TrainingIn a recent Slate article, entitled “Ethics Trainings Are Even Dumber Than You Think, author L.V. Anderson railed against what she termed box-checking training where companies put on training not to actually train employees but simply to check the box that training has occurred. She also spoke against “dumbed-down nature of most compliance courses”.

Certainly recognizing that inane training is simply that – inane training, Anderson missed the larger picture of what constitutes a best practices compliance program. Training is one part of a larger component of how companies manage their compliance with laws, regulations and, most importantly, the ultimate barometer of their value – their corporate reputation through compliance. The role of compliance in corporations was born in 1992 with the enactment of the US Sentencing Guidelines, which laid out the initial standards for corporate compliance and ethics programs, of which training is one part. It was only after these Sentencing Guidelines were put into effect that corporations moved to create Codes of Conduct to publicly state their values.

These Sentencing Guidelines provide a very general outline of what would constitute an effective compliance program. In the latest amendments to the Sentencing Guidelines, in 2010, the stated purpose of training is to “(6) Training – Conduct effective training programs and otherwise disseminate information to ensure that the board of directors, high level personnel and other employees with substantial authority receive information about the standards, procedures, and other aspects of the compliance program”.

One of the most significant areas of the law, where the government has provided specific guidance on compliance programs including training, is the 2012 publication entitled “FCPA – A Resource Guide to the U.S. Foreign Corrupt Practices Act”, which was issued jointly by the Criminal Division of the Department of Justice (DOJ) and the Enforcement Division of the Securities and Exchange Commission (SEC). This FCPA Resource Guide provided the government’s views on what constituted an effective compliance program under the Foreign Corrupt Practices Act of 1977 (FCPA) in the form of the Ten Hallmarks of an Effective Compliance Program.

Hallmark No. 5, Training and Continuous Advice, which says, in part, “DOJ and SEC will evaluate whether a company has taken steps to ensure that relevant policies and procedures have been com­municated throughout the organization, including through periodic training and certification for all directors, officers, relevant employees, and, where appropriate, agents and business partners.” This Hallmark goes on to state that training should be appropriate for the risk of the persons being trained and tailored to the situations they might find themselves at risk in for their company.

Whether you consider the language of the Sentencing Guidelines or the much more specific FCPA Resource Guide, the proper context to review ethics and compliance training is as a part of an overall holistic approach to compliance and ethics, compliance can be seen in its proper role as a communication tools. The reason a company puts on compliance training is not to solely stop unethical or non-compliant conduct. The role of training is to communicate the standard of values the company wants to set forth.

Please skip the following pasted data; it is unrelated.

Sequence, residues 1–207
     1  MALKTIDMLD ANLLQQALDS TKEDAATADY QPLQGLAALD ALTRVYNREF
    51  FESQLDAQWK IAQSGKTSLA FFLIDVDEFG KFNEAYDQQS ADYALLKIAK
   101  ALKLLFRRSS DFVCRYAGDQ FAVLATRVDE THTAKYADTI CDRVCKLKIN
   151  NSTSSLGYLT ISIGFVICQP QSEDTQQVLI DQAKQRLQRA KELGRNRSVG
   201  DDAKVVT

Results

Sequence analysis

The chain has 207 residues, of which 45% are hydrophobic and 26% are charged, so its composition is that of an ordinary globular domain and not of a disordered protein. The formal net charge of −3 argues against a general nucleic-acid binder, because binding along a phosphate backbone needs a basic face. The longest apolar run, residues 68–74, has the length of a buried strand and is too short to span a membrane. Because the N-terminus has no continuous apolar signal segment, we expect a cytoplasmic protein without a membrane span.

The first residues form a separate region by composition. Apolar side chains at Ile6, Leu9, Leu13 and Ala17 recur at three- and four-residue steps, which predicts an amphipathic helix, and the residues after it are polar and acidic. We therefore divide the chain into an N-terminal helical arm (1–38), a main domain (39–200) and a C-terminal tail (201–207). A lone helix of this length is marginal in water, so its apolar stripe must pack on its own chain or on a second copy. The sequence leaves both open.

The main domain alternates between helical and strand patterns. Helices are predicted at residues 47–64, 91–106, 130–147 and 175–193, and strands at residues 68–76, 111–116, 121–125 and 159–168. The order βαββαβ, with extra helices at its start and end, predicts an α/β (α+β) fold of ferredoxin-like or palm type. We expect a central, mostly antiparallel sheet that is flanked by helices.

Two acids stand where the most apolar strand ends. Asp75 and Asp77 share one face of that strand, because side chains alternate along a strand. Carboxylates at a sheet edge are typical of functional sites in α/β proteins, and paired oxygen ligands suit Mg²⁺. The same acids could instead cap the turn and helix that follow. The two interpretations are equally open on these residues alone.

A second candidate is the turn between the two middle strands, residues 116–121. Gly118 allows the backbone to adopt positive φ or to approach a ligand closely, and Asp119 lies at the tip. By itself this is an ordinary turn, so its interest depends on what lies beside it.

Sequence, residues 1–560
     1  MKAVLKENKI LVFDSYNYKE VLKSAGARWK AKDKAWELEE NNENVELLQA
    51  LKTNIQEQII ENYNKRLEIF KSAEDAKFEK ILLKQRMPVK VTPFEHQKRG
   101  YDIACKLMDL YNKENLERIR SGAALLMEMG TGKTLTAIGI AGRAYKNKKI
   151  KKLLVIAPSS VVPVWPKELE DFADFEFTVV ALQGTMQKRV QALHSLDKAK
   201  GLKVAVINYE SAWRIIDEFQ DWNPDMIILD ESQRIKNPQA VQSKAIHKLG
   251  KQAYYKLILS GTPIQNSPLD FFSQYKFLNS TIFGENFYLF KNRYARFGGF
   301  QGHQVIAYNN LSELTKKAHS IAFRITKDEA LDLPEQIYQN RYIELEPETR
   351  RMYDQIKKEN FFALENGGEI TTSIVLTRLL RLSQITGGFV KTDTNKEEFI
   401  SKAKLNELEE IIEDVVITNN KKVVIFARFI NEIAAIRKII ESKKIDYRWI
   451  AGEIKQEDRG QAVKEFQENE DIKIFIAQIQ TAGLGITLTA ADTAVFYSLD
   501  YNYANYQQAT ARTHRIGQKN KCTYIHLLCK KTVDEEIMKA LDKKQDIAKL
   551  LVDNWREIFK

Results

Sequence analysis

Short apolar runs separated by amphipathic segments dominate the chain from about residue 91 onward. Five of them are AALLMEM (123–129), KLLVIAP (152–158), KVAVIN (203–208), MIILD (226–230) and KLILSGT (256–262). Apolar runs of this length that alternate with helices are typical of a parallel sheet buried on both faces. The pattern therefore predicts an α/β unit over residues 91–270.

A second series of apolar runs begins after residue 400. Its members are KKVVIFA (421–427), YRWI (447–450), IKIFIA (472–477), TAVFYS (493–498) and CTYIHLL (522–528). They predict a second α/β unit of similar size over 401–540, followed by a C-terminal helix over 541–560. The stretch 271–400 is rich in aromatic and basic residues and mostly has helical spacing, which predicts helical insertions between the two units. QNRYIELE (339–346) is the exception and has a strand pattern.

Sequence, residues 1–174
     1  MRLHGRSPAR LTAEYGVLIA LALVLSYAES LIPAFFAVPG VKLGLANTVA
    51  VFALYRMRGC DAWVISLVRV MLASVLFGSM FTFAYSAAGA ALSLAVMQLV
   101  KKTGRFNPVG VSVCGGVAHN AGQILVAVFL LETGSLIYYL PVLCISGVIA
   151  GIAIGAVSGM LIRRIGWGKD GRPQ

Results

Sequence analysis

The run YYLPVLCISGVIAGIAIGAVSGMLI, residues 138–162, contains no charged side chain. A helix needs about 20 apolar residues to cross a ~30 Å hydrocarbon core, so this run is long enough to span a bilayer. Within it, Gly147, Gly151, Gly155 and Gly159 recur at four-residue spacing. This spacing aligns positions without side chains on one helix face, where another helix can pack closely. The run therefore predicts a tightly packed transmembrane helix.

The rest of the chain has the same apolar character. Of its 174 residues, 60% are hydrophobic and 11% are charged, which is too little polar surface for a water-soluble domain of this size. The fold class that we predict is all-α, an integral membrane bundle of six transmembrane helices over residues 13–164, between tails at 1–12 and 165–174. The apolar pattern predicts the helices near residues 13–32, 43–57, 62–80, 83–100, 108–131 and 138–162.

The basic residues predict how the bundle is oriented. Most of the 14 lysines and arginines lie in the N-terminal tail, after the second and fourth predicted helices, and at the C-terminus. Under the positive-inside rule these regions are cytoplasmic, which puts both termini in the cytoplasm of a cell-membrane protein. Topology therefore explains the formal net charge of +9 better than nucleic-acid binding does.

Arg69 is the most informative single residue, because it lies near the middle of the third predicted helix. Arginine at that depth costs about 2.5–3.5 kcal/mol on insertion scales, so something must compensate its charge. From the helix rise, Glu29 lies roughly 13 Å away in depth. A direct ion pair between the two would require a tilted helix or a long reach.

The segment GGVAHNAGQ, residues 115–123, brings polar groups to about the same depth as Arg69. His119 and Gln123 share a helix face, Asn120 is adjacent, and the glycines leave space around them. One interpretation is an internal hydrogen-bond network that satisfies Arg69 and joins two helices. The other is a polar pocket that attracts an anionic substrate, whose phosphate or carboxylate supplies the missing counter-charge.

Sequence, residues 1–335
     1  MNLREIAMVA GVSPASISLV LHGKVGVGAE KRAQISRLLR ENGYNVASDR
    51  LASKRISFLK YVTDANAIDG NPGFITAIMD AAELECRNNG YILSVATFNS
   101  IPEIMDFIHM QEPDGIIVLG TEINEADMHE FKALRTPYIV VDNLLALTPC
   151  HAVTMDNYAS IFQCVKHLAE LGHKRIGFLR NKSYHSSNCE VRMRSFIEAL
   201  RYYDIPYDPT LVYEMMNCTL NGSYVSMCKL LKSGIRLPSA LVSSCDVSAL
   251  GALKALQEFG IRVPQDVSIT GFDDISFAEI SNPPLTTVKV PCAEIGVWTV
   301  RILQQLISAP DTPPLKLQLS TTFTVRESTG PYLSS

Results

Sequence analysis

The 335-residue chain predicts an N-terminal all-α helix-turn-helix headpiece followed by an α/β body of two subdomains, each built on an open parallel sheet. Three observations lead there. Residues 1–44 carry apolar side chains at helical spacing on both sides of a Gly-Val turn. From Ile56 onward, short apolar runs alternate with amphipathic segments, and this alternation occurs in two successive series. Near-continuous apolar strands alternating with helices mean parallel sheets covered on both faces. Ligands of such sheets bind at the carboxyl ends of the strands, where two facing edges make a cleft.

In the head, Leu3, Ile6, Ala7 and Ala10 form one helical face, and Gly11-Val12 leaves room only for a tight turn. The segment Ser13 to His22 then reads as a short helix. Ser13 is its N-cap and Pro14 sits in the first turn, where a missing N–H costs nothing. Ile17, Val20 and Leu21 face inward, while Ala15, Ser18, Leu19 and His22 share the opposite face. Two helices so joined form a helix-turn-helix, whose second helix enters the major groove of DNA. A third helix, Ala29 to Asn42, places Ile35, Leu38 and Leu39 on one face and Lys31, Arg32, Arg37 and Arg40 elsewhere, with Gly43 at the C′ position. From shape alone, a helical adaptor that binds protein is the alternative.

The training itself should be tailored to risks involved with those employees receiving the training. My wife works at a major oilfield service company in Houston, as an SAP integration specialist in the IT department. The risk that she could engage in non-compliant, unethical behavior, that could put her company at legal risk, is relatively low. So basic training for her on the company’s ethical values is an appropriate reminder.

However, in the same company there are thousands of employees who are in positions oversees which are at much higher risk for non-compliant behavior, particularly under the FCPA. For those employees more focused, specific and in person training is the preferred method. So more than simply asking is something illegal, such training would focus on the specific requirements under the law, what an employee should do if a foreign government official demands a bribe and how to seek help or report such conduct through the company hotline.

Training is not and never has been the all-encompassing way to stop illegal or even non-compliant, unethical conduct. It should be seen as a part of the overall corporate compliance program. Enron is the prime example that simply having one part, the Enron gold standard Code of Conduct and even training on that Code of Conduct, is not enough. It all starts at the top with the tone from the top. If your top management are crooks, in the case of all the former Enron senior managers who are now convicted felons, that speaks to the tone management creates. No rule, regulation, company policy or certainly compliance training should get in the way of the next deal.